Again I had absolutely amazing views through the window. As the bus climbed up up up we passed through small villages where I saw a girl who couldn't have been much older than 5 walking down the highway with some groceries, three boys that weren't much older than her sweeping and cleaning the house, several girls around the age of 7 or 8 clearly tending stores and restaurants and boys around the same age carrying crops and machetes. I saw several games of football (soccer) or some similar equivalent played with a ball about the size of a softball, one of which was clearly a big deal as half the village was in attendance! A variety of livestock including pigs, sheep, cattle, turkeys and some of the largest chickens I've ever seen meandered to and fro, none of which appeared to be constrained in any way. Many of these villages were perched atop mountains with huge valleys spread out below them and the views were fantastic. As we climbed higher and higher the clouds rolled in until the landscape was obscured by the clouds and mist started to accumulate on the windows.
Eventually we made it to San Cristobal and I found my hostel, Rossco's Backpackers Hostel, at which I had booked a room at the last minute literally seconds before I had left Palenque. The hostel is cozy and inviting, with cute rooms, solid furniture, a well-stocked kitchen with a very nice, non-homicidal gas range that I like very much and a fire pit in the central courtyard, at which there are nightly bonfires so all of you who know me well know how much I appreciate that!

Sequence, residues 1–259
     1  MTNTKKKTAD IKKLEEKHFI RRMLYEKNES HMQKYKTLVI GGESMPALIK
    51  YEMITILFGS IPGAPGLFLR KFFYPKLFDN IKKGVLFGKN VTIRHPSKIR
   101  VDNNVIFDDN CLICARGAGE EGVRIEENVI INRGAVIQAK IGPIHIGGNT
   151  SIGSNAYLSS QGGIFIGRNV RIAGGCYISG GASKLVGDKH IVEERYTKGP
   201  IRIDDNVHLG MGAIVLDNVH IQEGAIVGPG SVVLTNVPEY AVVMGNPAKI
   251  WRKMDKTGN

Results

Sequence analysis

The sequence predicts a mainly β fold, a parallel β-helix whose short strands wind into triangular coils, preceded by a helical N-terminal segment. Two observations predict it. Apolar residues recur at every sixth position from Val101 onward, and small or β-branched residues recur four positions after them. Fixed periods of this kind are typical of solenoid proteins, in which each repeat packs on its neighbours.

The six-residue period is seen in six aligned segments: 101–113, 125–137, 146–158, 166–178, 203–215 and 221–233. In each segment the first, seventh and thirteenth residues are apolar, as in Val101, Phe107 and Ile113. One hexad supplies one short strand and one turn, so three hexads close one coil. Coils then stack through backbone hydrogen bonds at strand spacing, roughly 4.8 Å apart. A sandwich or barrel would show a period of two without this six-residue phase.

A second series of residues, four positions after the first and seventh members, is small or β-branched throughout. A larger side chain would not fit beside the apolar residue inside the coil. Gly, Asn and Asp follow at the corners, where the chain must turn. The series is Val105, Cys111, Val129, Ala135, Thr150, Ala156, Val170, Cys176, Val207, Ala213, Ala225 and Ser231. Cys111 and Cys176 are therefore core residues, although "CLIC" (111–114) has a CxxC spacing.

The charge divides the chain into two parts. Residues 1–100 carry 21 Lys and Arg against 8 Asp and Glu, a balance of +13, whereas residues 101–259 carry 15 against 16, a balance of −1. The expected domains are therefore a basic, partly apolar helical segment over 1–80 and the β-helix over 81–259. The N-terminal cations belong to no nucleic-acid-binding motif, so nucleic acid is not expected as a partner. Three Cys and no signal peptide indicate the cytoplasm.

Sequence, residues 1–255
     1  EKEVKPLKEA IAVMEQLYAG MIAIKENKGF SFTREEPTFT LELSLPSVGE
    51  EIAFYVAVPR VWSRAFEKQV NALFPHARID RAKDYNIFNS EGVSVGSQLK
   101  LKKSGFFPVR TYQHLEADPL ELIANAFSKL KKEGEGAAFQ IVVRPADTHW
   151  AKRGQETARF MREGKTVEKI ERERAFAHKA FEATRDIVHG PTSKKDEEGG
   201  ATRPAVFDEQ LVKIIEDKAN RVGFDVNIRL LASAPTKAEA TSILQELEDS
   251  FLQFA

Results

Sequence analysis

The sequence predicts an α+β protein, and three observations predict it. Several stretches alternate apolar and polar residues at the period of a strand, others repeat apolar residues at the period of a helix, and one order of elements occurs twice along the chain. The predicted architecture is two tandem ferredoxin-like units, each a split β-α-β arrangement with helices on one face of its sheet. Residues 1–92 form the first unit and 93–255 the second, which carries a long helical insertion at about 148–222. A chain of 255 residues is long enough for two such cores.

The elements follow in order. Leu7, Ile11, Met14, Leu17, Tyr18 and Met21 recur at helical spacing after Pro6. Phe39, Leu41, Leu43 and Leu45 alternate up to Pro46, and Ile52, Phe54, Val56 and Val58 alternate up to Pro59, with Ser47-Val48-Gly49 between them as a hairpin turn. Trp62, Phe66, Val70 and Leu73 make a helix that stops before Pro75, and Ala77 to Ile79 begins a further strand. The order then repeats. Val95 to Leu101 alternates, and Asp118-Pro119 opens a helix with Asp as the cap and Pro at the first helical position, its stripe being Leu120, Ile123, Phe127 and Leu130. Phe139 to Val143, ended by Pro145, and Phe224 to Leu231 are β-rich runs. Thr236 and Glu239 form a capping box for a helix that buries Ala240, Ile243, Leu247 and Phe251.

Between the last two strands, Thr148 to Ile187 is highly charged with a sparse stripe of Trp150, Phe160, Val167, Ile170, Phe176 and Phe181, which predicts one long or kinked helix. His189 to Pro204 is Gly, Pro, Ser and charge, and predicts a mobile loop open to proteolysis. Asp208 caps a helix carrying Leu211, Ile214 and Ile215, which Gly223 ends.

The first item of business was to purchase a lock, some groceries and something to eat. The lock was a bit of a hassle, made all the more difficult by the fact that I had neglected to look up the word for "lock" before leaving the hostel. However, after a sketch at one place, some directions to another place that was closed and two more conversations with random shop workers I found my way to a hardware store that had a variety of locks available and selected the only one of at least 20 locks that was a combination lock! It's a beast of a lock and I'm quite certain I could use it as a weapon if necessary, but it gets the job done. :o)